Dietary and lifestyle determinants of acrylamide and glycidamide hemoglobin adducts in non-smoking postmenopausal women from the EPIC cohort

Mireia Obón-Santacana, Leila Lujan-Barroso, Heinz Freisling, Claire Cadeau, Guy Fagherazzi, Marie Christine Boutron-Ruault, Rudolf Kaaks, Renée T. Fortner, Heiner Boeing, J. Ramón Quirós, Esther Molina-Montes, Saioa Chamosa, José María Huerta Castaño, Eva Ardanaz, Kay Tee Khaw, Nick Wareham, Tim Key, Antonia Trichopoulou, Pagona Lagiou, Androniki NaskaDomenico Palli, Sara Grioni, Rosario Tumino, Paolo Vineis, Maria Santucci de Magistris, H. B. Bueno-de-Mesquita, Petra H. Peeters, Maria Wennberg, Ingvar A. Bergdahl, Hubert Vesper, Elio Riboli, Eric J. Duell*

*Corresponding author for this work

Research output: Contribution to journalArticleAcademicpeer-review


Purpose: Acrylamide was classified as ‘probably carcinogenic’ to humans in 1994 by the International Agency for Research on Cancer. In 2002, public health concern increased when acrylamide was identified in starchy, plant-based foods, processed at high temperatures. The purpose of this study was to identify which food groups and lifestyle variables were determinants of hemoglobin adduct concentrations of acrylamide (HbAA) and glycidamide (HbGA) in 801 non-smoking postmenopausal women from eight countries in the European Prospective Investigation into Cancer and Nutrition (EPIC) cohort. Methods: Biomarkers of internal exposure were measured in red blood cells (collected at baseline) by high-performance liquid chromatography/tandem mass spectrometry (HPLC/MS/MS) . In this cross-sectional analysis, four dependent variables were evaluated: HbAA, HbGA, sum of total adducts (HbAA + HbGA), and their ratio (HbGA/HbAA). Simple and multiple regression analyses were used to identify determinants of the four outcome variables. All dependent variables (except HbGA/HbAA) and all independent variables were log-transformed (log2) to improve normality. Median (25th–75th percentile) HbAA and HbGA adduct levels were 41.3 (32.8–53.1) pmol/g Hb and 34.2 (25.4–46.9) pmol/g Hb, respectively. Results: The main food group determinants of HbAA, HbGA, and HbAA + HbGA were biscuits, crackers, and dry cakes. Alcohol intake and body mass index were identified as the principal determinants of HbGA/HbAA. The total percent variation in HbAA, HbGA, HbAA + HbGA, and HbGA/HbAA explained in this study was 30, 26, 29, and 13 %, respectively. Conclusions: Dietary and lifestyle factors explain a moderate proportion of acrylamide adduct variation in non-smoking postmenopausal women from the EPIC cohort.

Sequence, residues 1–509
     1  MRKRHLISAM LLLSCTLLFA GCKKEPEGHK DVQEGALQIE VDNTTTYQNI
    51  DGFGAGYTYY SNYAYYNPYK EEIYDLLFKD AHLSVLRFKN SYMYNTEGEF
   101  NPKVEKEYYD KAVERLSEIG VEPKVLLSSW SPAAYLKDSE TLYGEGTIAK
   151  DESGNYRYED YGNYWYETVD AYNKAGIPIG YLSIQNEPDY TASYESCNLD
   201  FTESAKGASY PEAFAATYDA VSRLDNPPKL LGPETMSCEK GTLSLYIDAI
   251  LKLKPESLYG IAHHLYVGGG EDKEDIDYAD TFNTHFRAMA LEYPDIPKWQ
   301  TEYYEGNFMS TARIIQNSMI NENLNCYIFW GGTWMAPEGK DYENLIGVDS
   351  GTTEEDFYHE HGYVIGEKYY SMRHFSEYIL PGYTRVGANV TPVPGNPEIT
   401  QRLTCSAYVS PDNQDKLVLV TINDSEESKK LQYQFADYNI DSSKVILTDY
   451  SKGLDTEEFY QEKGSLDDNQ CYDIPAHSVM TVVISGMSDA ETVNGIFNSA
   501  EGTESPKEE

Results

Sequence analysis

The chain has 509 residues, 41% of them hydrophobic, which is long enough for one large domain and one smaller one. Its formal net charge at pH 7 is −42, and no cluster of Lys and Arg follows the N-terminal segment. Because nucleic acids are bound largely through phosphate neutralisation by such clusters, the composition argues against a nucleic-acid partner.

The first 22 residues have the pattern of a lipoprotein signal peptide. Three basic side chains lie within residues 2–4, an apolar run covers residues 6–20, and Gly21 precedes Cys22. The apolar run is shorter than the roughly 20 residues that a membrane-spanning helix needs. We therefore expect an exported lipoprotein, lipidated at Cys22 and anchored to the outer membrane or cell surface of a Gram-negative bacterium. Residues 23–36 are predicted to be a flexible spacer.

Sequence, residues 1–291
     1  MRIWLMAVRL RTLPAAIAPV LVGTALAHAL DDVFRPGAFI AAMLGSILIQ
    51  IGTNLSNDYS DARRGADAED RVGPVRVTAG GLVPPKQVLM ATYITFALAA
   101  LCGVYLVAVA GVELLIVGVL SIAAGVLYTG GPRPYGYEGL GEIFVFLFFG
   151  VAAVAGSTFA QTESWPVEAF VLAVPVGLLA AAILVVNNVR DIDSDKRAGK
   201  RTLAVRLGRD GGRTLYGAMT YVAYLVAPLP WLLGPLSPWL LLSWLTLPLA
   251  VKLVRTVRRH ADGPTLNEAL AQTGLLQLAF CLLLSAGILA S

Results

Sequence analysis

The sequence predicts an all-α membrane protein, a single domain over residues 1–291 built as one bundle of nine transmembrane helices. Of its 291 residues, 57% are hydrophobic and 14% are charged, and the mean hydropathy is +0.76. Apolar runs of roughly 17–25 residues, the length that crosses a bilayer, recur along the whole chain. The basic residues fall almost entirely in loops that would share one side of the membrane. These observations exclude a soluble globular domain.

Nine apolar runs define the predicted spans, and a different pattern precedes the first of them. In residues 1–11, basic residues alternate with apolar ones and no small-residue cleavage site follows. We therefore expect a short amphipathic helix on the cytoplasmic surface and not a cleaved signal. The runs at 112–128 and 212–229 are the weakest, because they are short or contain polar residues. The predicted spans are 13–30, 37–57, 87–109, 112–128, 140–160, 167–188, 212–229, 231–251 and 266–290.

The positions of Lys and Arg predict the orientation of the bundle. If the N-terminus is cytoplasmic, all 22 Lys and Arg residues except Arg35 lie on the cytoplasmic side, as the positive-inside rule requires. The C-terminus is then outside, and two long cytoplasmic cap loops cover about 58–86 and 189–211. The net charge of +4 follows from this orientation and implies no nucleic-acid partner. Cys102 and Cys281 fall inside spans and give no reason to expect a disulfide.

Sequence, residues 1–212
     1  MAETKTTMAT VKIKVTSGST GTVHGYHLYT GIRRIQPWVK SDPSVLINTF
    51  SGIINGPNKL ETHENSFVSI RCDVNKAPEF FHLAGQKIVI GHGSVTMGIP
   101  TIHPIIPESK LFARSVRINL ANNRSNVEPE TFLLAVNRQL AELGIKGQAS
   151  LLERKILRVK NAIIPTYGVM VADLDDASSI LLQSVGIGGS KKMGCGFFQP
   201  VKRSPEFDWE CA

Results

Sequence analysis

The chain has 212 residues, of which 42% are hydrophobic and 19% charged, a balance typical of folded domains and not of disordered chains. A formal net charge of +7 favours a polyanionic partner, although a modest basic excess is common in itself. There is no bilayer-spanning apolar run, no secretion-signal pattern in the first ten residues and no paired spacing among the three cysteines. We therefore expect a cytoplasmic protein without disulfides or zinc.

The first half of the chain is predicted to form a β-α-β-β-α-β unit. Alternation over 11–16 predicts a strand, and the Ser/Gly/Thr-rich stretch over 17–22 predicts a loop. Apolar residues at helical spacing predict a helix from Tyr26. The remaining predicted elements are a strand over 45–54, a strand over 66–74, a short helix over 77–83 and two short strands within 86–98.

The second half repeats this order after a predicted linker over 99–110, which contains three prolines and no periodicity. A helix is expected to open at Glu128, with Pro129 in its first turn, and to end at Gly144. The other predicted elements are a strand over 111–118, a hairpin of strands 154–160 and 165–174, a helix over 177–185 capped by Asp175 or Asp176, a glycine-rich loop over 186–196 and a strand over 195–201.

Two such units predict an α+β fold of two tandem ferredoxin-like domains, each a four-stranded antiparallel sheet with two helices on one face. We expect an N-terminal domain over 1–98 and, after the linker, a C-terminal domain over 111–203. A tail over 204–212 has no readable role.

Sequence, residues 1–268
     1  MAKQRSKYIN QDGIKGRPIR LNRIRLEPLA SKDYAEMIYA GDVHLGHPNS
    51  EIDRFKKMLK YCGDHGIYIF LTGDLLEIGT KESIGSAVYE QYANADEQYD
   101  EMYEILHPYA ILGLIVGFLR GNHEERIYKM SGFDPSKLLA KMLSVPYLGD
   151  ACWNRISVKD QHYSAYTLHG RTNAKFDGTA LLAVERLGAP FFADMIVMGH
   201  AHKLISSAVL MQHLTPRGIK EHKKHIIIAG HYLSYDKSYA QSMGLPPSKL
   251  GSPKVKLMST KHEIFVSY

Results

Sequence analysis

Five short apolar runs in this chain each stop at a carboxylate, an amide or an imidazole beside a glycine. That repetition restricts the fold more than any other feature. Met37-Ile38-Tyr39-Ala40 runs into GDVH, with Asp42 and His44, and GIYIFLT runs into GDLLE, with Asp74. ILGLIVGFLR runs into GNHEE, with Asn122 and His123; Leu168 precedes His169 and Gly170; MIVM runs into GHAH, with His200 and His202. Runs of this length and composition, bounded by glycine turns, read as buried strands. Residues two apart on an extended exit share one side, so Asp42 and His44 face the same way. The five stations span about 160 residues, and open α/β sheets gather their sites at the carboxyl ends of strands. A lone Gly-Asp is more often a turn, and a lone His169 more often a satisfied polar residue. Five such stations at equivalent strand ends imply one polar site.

Original languageEnglish
Pages (from-to)1157–1168
Number of pages12
JournalEuropean Journal of Nutrition
Issue number3
Publication statusPublished - Apr 2017


  • Acrylamide
  • Biomarkers
  • Diet
  • Glycidamide
  • Hemoglobin adducts
  • Nutrition


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